I sometimes feel that I live in a world of footnotes. I am a lawyer, and with a few signal exceptions, lawyers tend to revel in the detail, the marginal comment, and the last word in small type at the end of the page.

This blog, however, is not about the footnotes. It is about what I consider the main text — about finding meaning, achievement, and personal satisfaction.

It is not easy to live life richly. Most of our ancestors died young and poorly, and many of us now living will do the same. Many live life either without direction or according to the direction of others.

I don’t want to do that.

I don’t want my child to do that. I don’t want my friends or students to do that. To the extent I can make a difference in the lives of others, I don’t want any with whom I associate to do that, either.

I gain energy from those who are willing to inquire how how life should be lived and are willing to take chances based on the possible answers. I gain both pleasure and insight from asking whether a sense of purpose increases one’s contribution, and how one might seek to measure contribution. Whether goals work, whether values matter (and if so, how). Whether by reaching out to others to form connections, we tend on average to enhance our sense of well-being and gain other advantages too. Whether our brains work in predictable patterns (for better or worse or otherwise), and how those patterns might be understood so as to enhance our satisfaction and decrease misunderstanding and ignorance. These and other similar questions interest me because they deal with the stuff of human performance.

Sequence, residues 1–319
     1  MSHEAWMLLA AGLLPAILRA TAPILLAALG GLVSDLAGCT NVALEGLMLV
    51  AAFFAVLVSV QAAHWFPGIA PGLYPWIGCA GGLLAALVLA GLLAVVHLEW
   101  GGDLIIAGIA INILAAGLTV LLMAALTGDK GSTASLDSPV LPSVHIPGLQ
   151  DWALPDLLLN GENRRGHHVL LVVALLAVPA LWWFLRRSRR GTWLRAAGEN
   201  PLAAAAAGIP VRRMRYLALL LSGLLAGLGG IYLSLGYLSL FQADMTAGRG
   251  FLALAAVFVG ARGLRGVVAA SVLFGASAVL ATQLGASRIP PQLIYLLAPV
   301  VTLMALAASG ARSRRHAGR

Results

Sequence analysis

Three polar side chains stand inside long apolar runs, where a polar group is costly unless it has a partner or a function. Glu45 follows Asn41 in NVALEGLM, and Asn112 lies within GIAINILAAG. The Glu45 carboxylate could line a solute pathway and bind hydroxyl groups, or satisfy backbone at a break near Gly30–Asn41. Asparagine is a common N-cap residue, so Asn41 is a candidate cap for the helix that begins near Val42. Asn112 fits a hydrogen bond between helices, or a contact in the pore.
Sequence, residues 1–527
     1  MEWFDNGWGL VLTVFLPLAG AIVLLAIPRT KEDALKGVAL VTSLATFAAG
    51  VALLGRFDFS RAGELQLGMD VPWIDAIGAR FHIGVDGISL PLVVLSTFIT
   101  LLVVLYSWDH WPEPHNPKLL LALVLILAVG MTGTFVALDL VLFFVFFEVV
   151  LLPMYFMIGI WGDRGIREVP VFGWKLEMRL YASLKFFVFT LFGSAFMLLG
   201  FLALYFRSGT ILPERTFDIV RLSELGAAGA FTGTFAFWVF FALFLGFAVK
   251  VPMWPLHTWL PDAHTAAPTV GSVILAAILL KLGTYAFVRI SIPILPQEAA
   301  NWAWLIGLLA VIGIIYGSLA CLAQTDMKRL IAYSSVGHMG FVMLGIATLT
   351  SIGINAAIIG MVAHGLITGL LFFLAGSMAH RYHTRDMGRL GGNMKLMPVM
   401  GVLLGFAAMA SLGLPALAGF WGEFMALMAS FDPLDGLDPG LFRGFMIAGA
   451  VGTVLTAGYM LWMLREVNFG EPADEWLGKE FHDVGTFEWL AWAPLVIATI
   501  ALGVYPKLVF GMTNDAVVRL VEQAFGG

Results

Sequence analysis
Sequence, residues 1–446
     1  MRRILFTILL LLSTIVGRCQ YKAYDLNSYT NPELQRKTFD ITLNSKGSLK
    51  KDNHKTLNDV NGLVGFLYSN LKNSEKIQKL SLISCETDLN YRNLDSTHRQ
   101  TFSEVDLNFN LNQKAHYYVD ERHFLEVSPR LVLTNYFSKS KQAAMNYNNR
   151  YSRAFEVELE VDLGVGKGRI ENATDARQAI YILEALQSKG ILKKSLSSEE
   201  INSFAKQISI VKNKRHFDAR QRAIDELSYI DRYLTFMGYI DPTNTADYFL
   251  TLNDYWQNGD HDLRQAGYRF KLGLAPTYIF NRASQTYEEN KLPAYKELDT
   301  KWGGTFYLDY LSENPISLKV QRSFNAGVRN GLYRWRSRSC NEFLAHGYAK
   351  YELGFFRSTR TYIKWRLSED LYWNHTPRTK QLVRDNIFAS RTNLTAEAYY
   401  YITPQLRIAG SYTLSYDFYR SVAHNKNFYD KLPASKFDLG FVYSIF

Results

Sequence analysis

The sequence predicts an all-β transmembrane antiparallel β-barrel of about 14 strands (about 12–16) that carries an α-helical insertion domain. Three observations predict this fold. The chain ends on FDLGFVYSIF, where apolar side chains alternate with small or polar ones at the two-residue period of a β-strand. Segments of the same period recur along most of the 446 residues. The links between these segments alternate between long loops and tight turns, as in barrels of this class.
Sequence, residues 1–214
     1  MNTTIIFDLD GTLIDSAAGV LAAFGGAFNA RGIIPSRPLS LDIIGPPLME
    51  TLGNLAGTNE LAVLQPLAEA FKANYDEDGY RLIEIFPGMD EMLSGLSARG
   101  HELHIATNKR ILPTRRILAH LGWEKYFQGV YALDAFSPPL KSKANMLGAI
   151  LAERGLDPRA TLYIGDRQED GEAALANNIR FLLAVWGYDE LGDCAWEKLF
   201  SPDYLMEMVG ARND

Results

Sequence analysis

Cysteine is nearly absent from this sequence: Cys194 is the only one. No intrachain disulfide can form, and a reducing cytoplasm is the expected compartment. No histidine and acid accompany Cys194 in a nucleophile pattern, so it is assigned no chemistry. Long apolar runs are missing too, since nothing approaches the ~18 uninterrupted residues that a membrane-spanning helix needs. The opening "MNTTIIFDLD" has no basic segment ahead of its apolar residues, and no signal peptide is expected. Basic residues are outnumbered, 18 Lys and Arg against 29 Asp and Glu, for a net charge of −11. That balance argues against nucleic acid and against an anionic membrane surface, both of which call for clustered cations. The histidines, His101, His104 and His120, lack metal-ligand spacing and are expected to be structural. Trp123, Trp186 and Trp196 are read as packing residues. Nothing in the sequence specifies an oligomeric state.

I like to explore and even explain the law, and many of my law students no doubt read these entries, but these posts are not about the law. Readers will not find discussion of my interest in dispute resolution here. Similarly, although I am deeply interested in politics and government, you will find that few of these entries address such topics — at least, not directly. I am intensely interested in how modern advances in our understanding of the brain have impacted (or failed to impact) the laws that we’ve enacted to regulate human conduct. You will not find that here, either. The point here is instead intensely practical. I am asking what works in life and what tools are available to make life work better.

I hope to provide interesting information and raise some useful questions. I intend not to be scholarly, but instead informative and inquisitive. The feedback I’ve received suggests I’m on the right track. In any event, I will be candid about my views, about what I have found to be helpful or not, and about the avenues I explore.